We see signs that our training programs are making a difference in urban dads’ lives. They are understanding the importance of their influence, developing specific skills, and raising the level of positive, active and involved fathering.
Our urban curriculum explores fundamental practices necessary to achieve life-changing improvements like “cups” of cool, refreshing fathering in the father-child relationships. Our ultimate objective with this curriculum is to support and assist men in other father-thirsty urban communities around the nation. We’ll focus on three contact strategies:
1. Reconnecting fathers to their children. Various historical, economic and social factors (e.g., slavery and racism) have negatively impacted the role of the father. Many men did not have a father present to model a healthy father-child relationship, resulting in a continuing cycle of disconnection. But a father’s presence is vital to helping each child discover and establish a purpose in life. We must not minimize his role in supporting his child physically, emotionally, and spiritually. The Urban Fathering Project emphasizes the father’s ability to teach, guide and encourage his child through verbal praise, hugs, kisses, and an “I love you just because you’re mine” connection. One of the main goals is to get fathers involved in classrooms.
2. Recruiting father-figures in churches and communities. Reconnecting biological fathers to their children isn’t always possible—some fathers are too entrenched in their own problems and pain. But that doesn’t mean the child’s father-thirst goes away. These children need men who are willing to be positive role models. We are developing a strategy to train, equip and encourage fathers and father-figures to “adopt” fatherless children as mentors.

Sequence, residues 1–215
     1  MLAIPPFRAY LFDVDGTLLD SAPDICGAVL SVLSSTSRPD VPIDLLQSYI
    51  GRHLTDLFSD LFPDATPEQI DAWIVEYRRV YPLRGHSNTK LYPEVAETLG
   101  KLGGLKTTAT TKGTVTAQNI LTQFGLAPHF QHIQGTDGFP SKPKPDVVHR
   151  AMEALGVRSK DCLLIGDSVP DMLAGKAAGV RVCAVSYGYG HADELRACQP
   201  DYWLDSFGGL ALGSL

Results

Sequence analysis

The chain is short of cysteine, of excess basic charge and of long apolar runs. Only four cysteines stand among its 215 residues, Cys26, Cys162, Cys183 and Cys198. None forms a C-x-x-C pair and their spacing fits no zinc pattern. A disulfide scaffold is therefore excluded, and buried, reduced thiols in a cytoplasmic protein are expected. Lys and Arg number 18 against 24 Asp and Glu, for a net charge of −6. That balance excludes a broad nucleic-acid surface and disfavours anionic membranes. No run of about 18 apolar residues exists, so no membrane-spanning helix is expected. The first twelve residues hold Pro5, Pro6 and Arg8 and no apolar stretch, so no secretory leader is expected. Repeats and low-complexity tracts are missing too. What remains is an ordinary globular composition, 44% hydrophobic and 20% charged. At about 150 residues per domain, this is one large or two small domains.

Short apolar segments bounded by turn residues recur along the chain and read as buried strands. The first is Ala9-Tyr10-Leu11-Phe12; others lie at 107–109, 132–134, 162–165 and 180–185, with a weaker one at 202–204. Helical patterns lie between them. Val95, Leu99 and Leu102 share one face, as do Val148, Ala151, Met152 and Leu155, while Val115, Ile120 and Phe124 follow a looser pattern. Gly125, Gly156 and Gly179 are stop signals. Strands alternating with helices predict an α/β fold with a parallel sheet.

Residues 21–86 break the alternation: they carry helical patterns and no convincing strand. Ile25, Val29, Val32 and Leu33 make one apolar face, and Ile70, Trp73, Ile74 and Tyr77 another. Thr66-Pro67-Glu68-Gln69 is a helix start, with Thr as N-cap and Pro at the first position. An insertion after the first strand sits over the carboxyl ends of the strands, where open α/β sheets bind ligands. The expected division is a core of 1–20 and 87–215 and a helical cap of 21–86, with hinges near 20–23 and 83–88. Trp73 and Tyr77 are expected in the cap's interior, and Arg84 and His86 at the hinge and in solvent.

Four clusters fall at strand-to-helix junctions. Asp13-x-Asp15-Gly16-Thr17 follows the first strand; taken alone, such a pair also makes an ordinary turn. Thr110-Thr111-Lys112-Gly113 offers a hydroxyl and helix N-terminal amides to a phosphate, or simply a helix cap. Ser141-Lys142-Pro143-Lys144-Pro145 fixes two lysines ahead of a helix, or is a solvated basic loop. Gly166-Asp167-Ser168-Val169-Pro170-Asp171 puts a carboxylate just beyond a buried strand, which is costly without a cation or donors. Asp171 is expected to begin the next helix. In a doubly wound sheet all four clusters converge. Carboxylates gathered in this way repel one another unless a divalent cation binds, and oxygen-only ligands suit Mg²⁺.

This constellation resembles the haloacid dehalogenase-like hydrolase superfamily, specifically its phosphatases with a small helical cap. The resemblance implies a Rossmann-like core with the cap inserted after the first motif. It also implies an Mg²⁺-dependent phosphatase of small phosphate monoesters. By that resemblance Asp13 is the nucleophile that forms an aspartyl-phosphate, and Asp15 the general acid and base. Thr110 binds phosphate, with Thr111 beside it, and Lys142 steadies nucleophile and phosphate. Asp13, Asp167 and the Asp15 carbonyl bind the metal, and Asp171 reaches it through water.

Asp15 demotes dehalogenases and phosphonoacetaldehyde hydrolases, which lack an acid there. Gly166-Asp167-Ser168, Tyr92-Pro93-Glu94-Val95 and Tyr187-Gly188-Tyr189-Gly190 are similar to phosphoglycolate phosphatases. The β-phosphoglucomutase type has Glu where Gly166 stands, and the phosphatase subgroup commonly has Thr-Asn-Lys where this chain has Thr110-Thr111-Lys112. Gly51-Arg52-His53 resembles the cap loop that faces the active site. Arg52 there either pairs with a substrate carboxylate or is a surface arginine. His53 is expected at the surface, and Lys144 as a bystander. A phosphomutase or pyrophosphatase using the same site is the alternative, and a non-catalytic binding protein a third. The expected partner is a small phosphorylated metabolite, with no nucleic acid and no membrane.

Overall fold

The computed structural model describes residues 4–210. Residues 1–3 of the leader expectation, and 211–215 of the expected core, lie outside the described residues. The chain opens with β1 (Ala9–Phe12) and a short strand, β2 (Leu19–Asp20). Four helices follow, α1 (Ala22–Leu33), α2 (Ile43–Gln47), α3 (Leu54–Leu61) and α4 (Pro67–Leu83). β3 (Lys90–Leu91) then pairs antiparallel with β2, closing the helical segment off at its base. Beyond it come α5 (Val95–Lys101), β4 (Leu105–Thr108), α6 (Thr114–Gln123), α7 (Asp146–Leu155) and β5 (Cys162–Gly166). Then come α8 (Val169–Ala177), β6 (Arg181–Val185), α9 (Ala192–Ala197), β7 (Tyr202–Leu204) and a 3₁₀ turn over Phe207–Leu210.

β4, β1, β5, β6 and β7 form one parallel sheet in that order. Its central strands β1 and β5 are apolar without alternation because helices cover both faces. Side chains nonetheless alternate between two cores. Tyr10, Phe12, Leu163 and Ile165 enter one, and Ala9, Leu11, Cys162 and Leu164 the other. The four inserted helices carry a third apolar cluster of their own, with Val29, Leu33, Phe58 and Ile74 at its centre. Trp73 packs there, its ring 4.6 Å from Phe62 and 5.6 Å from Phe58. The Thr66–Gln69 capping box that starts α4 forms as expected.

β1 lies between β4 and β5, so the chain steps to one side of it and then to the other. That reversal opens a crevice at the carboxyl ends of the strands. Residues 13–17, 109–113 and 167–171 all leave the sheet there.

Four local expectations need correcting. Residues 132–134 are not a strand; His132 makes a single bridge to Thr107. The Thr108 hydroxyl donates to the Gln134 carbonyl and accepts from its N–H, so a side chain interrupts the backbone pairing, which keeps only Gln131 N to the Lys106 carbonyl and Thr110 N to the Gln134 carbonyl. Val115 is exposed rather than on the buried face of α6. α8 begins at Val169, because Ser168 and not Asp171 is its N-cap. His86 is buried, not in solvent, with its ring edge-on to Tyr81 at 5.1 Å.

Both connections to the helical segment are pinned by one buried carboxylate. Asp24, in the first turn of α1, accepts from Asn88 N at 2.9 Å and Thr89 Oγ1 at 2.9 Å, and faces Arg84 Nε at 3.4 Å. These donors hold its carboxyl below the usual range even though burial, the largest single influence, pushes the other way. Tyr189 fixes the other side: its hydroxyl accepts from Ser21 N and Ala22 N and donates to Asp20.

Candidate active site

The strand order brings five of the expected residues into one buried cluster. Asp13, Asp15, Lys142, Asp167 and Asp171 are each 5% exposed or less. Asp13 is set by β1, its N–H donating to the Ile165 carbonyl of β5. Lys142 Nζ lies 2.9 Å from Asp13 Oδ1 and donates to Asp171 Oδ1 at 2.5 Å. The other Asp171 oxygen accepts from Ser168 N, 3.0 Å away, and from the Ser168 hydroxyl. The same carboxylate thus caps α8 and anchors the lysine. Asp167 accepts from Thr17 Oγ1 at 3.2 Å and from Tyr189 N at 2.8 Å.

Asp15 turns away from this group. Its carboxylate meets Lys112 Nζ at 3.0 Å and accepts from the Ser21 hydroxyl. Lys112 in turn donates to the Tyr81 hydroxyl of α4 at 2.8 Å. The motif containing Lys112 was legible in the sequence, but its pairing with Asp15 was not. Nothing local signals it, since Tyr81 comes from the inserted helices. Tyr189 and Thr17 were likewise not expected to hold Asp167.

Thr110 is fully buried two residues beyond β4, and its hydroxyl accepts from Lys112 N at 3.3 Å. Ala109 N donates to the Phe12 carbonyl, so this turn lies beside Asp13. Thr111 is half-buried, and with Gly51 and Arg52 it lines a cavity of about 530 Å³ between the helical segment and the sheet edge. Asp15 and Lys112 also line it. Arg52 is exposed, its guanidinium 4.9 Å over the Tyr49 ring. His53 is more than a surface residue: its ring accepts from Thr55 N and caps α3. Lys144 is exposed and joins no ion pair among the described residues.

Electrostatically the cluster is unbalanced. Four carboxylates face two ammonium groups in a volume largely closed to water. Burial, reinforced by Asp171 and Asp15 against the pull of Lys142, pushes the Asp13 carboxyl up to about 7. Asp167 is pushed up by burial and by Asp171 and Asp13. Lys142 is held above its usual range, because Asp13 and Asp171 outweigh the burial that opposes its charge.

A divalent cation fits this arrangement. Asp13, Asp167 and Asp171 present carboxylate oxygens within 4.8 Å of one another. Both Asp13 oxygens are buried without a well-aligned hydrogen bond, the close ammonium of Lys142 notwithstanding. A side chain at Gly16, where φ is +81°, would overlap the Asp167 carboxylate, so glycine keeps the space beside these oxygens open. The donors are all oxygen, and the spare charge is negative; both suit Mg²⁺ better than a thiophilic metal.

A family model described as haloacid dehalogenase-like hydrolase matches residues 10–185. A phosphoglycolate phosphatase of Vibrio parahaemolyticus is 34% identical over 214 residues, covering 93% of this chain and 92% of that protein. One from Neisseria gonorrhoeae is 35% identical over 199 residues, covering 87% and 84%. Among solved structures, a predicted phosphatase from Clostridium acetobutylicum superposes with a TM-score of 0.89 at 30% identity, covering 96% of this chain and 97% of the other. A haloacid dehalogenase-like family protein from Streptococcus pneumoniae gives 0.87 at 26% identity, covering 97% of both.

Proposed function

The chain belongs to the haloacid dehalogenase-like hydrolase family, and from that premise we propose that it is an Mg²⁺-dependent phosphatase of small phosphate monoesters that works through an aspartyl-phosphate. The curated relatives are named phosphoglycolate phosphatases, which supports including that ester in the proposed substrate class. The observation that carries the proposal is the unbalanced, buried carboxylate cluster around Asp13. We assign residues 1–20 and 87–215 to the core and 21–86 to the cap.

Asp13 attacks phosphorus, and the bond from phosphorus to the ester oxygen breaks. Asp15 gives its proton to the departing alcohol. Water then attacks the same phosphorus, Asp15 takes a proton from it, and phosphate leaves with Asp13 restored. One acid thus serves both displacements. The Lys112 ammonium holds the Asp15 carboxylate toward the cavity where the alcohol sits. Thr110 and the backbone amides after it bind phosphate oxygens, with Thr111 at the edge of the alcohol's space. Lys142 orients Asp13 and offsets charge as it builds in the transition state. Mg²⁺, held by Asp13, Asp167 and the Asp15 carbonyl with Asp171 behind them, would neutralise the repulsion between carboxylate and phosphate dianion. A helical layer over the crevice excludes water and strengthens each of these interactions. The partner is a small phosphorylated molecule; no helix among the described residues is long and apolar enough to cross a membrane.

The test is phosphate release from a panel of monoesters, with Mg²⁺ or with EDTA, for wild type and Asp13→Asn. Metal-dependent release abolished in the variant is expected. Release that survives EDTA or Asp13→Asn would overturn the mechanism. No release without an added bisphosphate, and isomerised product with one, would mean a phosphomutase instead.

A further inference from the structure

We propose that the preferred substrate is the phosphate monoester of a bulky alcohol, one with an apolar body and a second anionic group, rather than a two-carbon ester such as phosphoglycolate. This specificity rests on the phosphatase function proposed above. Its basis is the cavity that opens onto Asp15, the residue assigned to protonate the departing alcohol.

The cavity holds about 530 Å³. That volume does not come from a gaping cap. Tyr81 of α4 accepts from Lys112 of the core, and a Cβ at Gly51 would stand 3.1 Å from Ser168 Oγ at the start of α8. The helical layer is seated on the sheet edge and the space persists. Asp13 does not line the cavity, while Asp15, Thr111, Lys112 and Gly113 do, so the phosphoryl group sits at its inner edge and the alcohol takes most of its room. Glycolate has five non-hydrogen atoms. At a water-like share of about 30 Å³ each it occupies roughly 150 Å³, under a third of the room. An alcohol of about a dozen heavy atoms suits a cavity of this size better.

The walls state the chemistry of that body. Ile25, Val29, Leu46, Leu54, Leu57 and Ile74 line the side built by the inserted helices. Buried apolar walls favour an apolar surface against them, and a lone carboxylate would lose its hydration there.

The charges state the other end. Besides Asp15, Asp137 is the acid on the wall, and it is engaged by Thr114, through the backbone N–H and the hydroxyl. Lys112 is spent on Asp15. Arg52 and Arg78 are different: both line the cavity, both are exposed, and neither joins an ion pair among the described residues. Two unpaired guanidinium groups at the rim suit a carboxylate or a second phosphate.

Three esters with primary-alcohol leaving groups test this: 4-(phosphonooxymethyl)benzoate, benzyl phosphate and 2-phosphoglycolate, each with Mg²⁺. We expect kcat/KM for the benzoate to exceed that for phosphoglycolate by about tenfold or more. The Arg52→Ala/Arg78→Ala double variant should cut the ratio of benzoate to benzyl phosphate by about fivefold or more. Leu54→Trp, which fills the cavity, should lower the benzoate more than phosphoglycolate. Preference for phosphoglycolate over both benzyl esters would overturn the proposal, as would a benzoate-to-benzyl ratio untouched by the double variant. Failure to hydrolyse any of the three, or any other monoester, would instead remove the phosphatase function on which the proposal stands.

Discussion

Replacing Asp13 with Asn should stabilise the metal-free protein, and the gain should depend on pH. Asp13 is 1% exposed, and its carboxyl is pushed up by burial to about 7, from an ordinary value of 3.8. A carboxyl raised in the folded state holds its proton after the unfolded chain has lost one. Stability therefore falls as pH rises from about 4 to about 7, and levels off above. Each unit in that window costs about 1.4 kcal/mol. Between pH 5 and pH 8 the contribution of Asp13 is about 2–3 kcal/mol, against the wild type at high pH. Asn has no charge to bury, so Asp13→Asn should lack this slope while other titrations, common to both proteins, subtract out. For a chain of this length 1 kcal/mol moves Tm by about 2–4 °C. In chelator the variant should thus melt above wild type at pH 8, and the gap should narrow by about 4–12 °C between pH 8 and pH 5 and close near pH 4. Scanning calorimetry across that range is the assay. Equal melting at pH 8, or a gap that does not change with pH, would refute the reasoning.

3. Rescuing fathers from the criminal and civil justice system. A staggering 70% of men in prison come from fatherless homes, and these fathers often continue the cycle since prison is an easy excuse not to be involved in their children’s lives. Our efforts are designed to reach out to those prisoners and dads tied up in court actions, help them resolve their own issues of fatherlessness, and assist them in reconnecting with their kids. These connections will provide a powerful motivation to reform their lives and prevent the father-absent cycle from impacting their own children.
It Takes a “Whole” Father to Raise a Child
Lorenzo participated in one of our urban programs. He never knew his father. Facing the deficits from his childhood, he fell into drug and alcohol problems and fathered a child, but he never established a relationship with his son or his son’s mother. He was wounded; he needed healing from his broken past to restore a sense of wholeness.
In our sessions, Lorenzo discovered that he must resolve these issues if he was going to become the father that his son so desperately needed. At our graduation ceremony, he spoke passionately about his new-found relationship with his son and committed himself to be the father he never had. The words of his son’s mother confirmed Lorenzo’s transformation: “Lorenzo has done a complete turnaround. He has stopped drinking and smoking and is spending much more time with his son.” Much of Lorenzo’s healing comes from his “new” relationship with his son. He is becoming a whole father who can quench his son’s father-thirst.
The National Center for Fathering’s Urban Project will focus on inspiring and equipping men like Lorenzo to become positive, active, involved fathers. By quenching the father-thirst of our urban children, we will strengthen the foundations of our families and our urban communities.